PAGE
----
Every day an estimated 270,000 employees are absent from work because of stress, and yet only 13% of companies have implemented any scheme to combat it.
Stress at work is still not taken seriously despite it becoming one of the biggest problems facing both employees and employers in the workplace today. But what exactly is stress?
The Health and Safety Executive (HSE) of the TUC sum it up as ‘the reaction people have to excessive demands or pressures, arising when people try to cope with tasks, responsibilities or other types of pressure connected with their jobs, but find difficulty; strain or worry in doing so.’
And if you think that’s vague, the medical symptoms broaden it even more. Work-related stress covers everything from minor ailments of headaches, irritable bowel syndrome and anxiety to more serious depression, insomnia, and even suicide.
Stress is as natural as breathing
So stress may be wide-ranging but it’s serious and it’s not going away. We’ve probably all suffered from it at some point in our working lives, whether knowing it or not. In these hectic times, stress isn’t limited to the office but it’s an area where it’s rife. In a recent questionnaire, Americans cited work as the most stressful arena of their lives and Britain can’t be far behind.
It almost goes without saying that those in jobs with high pressure, long hours, big responsibilities jobs are the most stressed. Of course, the more energy devoted to your work and the less to relaxation the more stressed you will be.
After all those breakfast meetings and nights at the office, your mental and physical resources are at zero. You’re so exhausted, no wonder you’re stressed.
But stress isn’t limited to the workaholics amongst us. Although these highly pressured jobs are obviously a source, having not enough work can be just as stressful. Over-exertion may lead to fatigue and anxiety, but doing nothing (or the monotony of doing the same thing over and over) can quickly lead to depression, another symptom of stress.
The environment that you work in is crucial not only to the quality of work that you produce but also your stress levels. There’s nothing worse than feeling unable to communicate with your colleagues or having nowhere to turn when you’re unsure about something. When you feel you’re on your own in the workplace, self-doubt rears its ugly head and there’s the dreaded anxiety again.
These are only a few causes of stress at work that are recorded by the HSE (others include job or organisational change, lack of clear objectives from management and the constant keeping up with new developments, all familiar problems in the workplace today) but they express how hard it is to pin down the causes of stress at work into general categories, rather than individual experience.
Though often caused by work, stress is a personal issue that impacts in wildly different ways, mentally and physically, both in and out of the workplace. This means that the way you deal with it has to be personalised to suit your individual symptoms and lifestyle.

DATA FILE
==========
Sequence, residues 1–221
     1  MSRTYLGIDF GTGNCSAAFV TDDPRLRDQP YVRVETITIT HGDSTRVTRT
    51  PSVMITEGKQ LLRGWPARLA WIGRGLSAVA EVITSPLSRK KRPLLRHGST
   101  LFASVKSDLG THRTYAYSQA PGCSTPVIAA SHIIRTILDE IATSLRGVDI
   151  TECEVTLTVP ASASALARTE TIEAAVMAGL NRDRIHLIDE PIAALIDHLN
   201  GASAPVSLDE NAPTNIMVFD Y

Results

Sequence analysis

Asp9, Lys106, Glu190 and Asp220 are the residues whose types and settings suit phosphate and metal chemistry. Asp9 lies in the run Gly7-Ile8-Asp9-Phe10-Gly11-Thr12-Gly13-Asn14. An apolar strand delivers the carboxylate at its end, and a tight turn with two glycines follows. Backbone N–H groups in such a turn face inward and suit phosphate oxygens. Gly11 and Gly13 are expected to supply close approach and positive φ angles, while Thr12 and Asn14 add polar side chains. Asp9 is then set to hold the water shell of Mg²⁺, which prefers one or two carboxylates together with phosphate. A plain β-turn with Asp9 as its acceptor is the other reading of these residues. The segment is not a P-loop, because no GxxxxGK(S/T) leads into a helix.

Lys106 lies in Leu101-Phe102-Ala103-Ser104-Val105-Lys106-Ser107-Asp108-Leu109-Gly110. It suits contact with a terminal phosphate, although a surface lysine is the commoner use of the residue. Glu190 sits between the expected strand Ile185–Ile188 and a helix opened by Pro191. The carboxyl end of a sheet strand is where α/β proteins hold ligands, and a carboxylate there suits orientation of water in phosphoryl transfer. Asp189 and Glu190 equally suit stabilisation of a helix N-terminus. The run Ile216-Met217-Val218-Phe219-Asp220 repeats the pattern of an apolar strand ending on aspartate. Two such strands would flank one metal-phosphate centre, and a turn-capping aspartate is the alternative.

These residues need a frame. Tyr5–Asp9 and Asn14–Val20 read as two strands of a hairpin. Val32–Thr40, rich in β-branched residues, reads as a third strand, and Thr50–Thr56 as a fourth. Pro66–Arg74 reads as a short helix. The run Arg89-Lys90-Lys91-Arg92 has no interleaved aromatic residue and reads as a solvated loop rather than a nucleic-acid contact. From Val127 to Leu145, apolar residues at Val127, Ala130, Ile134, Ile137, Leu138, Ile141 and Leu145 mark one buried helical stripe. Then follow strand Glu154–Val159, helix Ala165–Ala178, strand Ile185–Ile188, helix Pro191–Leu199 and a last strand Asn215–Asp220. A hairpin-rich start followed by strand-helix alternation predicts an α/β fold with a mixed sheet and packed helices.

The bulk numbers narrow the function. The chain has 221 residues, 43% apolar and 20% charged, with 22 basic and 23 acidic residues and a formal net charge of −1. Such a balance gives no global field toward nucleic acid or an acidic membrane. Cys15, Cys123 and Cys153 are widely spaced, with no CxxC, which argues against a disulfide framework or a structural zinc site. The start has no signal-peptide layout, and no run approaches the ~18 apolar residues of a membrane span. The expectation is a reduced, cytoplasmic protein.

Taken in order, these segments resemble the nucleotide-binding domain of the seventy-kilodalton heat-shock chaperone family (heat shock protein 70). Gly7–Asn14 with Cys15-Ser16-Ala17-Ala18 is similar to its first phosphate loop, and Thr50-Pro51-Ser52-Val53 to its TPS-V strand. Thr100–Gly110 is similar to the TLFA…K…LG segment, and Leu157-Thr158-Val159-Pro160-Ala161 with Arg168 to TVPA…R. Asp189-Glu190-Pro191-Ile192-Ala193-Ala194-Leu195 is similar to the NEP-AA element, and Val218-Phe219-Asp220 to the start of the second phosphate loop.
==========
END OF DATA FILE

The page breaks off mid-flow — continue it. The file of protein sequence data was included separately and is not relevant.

Just as there are general reasons for work-related stress, there are guidelines that everyone can follow for less stress at work and in life.
Firstly, look after yourself
All that work puts a strain on your physical well being making you more prone to fatigue and the irritability and anxiety that go along with that. Eating well and sleeping regular hours will mean you’re able to manage your stress levels and also be at your best to meet that tricky client.
You might be exhausted after a hard day at work but experts suggest exercise as a way of alleviating stress. Endorphins released by exercise create a feeling of physical and mental satisfaction.
You don’t have to become a gym rat, other forms of exercise such as yoga and Tai Chi are equally effective in the fight against stress with a little more emphasis on the relaxation side.
Other relaxation therapies
There are many ways to unwind and relax: meditation, massage and the Alexander technique, ‘constructive self-talk’ and ‘visualisation’, where you relax through visualising your own idea of tranquillity, whenever you feel stressed.
Relaxation is the opposite of stress but, like stress, people experience it in different ways. One thing that the best of these techniques emphasise is the importance of breathing. Most people only use half their lung capacity and we tend to short breaths in times of stress.
This is something that can be done at work (unlike deeply meditating at your desk), to combat stress as it builds up.
Next time there are four phone lines ringing at a time and you’ve got five minutes to get that report on your boss’ desk, just close your eyes, think of a Caribbean island and don’t forget to breathe!
Ten tips for coping with stress at work
- Try to eat breakfast every day for extra energy
- Aim to exercise for at least 30 minutes four times a week
- Take a full lunch hour away from your desk
- When it all seems too much, laugh about it!
- If you’re feeling run down, take a daily vitamin supplement
- Talk to your colleagues – a problem shared….
- Sleep at least six hours every night
- Make time for your life outside the office. It’s not all work, work, work
- Cut down on coffee and replace it with water
- Try to relax in whichever way it suits you